WorldCom's bankruptcy protection filing will not slow the web down, according to analysts.
The telco owns almost 30 per cent of the biggest internet cables in the US but expects to keep the wires operating while it refinances its business.
In June 2000, WorldCom's network suffered an outage that meant delays for traffic right across the US portion of the internet, sparking fears that the internet would slow dramatically if the company did shut down.
But according to Peter Williams, of Silicon Valley-based analyst DataWatch, even if finance for the company failed there is now more than enough spare capacity to soak up the data needs.
"There is a huge glut in bandwidth capacity in the world and, even if Worldcom were out of the picture completely, it would not be enough to dent that over supply," he said.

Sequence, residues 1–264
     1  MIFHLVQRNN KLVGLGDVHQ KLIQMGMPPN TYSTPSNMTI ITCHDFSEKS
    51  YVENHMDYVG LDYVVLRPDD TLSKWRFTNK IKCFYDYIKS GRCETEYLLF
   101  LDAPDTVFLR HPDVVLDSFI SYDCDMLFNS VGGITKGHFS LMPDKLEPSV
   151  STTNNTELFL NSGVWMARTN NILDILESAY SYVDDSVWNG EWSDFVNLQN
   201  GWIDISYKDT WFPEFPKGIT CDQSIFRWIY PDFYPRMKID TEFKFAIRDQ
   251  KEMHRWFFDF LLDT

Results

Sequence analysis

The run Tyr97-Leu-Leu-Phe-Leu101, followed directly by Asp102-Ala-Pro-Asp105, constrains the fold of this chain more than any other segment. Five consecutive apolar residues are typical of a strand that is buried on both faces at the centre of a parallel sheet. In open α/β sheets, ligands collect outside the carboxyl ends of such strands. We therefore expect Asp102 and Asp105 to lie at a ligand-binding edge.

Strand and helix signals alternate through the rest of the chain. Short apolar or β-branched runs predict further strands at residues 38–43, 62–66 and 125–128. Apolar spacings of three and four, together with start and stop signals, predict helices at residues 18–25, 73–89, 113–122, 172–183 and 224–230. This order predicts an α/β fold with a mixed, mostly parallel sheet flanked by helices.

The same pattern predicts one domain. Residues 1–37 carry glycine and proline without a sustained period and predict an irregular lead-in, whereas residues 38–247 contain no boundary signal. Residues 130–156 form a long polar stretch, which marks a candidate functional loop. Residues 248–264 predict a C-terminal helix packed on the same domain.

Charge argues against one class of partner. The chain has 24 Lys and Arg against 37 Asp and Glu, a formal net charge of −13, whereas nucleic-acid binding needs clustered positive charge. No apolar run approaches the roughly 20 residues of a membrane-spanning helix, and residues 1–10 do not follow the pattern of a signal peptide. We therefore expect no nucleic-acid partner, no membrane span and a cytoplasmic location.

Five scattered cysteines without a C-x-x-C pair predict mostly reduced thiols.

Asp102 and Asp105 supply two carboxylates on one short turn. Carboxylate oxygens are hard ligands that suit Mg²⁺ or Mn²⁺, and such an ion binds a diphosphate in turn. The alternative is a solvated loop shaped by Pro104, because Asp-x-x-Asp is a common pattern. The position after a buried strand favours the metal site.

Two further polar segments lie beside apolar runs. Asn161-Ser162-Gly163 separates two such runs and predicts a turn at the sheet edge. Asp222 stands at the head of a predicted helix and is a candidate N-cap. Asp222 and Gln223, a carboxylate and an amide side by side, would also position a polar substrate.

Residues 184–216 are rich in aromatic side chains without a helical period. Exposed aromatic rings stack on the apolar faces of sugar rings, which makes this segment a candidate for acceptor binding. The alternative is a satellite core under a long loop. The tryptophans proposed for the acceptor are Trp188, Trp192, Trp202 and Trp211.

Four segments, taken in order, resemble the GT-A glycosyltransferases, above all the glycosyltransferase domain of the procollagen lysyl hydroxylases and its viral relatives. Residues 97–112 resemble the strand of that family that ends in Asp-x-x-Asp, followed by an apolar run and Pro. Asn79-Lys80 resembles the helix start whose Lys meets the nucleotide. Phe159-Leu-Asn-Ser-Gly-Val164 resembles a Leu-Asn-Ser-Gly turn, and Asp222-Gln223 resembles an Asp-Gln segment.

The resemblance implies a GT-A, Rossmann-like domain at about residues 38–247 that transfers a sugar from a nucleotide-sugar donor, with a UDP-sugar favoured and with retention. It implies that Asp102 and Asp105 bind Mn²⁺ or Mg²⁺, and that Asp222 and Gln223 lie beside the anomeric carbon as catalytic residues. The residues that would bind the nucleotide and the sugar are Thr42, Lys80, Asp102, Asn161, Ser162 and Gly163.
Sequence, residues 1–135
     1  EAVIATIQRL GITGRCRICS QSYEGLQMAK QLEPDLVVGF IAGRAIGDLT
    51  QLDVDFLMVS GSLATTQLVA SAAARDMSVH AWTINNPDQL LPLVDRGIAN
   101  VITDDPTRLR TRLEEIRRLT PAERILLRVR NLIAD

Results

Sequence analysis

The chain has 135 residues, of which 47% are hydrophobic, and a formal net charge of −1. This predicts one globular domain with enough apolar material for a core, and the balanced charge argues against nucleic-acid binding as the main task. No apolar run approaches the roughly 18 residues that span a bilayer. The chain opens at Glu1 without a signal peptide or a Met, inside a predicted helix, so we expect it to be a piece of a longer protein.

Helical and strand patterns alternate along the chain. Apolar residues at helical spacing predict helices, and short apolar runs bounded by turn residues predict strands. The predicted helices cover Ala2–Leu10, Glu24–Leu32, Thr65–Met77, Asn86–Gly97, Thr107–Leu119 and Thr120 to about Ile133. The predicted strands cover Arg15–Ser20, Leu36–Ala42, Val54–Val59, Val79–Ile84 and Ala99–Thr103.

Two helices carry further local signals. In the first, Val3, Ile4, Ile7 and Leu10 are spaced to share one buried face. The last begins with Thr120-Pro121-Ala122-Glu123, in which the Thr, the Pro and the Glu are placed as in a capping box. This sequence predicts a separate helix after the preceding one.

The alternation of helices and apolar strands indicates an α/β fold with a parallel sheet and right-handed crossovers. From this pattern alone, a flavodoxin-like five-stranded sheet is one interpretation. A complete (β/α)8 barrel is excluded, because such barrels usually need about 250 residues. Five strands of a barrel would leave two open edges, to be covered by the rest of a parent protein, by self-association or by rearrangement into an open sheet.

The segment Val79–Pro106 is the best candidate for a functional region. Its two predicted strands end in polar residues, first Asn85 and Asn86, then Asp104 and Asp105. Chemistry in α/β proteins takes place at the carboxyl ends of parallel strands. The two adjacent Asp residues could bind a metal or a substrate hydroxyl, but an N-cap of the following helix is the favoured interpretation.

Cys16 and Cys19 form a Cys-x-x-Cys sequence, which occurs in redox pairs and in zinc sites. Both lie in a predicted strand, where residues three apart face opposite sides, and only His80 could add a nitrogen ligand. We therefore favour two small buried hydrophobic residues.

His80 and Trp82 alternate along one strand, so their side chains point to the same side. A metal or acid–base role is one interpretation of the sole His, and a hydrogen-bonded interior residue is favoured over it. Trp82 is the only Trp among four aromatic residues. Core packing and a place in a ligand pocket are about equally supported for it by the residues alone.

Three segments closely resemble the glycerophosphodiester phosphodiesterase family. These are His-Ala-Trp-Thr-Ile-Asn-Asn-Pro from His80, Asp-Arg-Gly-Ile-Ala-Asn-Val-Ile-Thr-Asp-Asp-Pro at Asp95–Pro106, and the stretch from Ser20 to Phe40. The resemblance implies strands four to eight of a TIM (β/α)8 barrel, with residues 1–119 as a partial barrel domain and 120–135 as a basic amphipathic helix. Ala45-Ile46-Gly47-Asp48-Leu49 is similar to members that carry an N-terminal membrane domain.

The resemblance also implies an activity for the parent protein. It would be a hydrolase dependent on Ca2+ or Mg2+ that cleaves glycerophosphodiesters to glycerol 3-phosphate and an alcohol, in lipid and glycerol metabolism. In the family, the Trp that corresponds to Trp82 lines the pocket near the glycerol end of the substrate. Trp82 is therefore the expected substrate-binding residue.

Williams added that it is unlikely that WorldCom's receivers would shut down any of the network as it is the company's biggest asset.
"I know we saw that happen with the recent closure of KPNQuest, but it is unlikely to happen in this case where the company is likely to get bankruptcy protection and carry on trading," he explained.
In the case of KPNQuest, customers were given a month to switch providers so that it had the minimum amount of impact.
"You do not tend to see black holes opening up," said a spokeswoman for the London Internet Exchange, where the UK's internet service providers swap traffic. "Networks do not just disappear. They tend to run until someone takes over that particular network."
Meanwhile, WorldCom chief executive John Sidgmore maintained that the company is hoping to emerge from Chapter 11 bankruptcy protection in the first quarter of 2003, with three quarters of its $41bn debt wiped off its books and its core operations intact.
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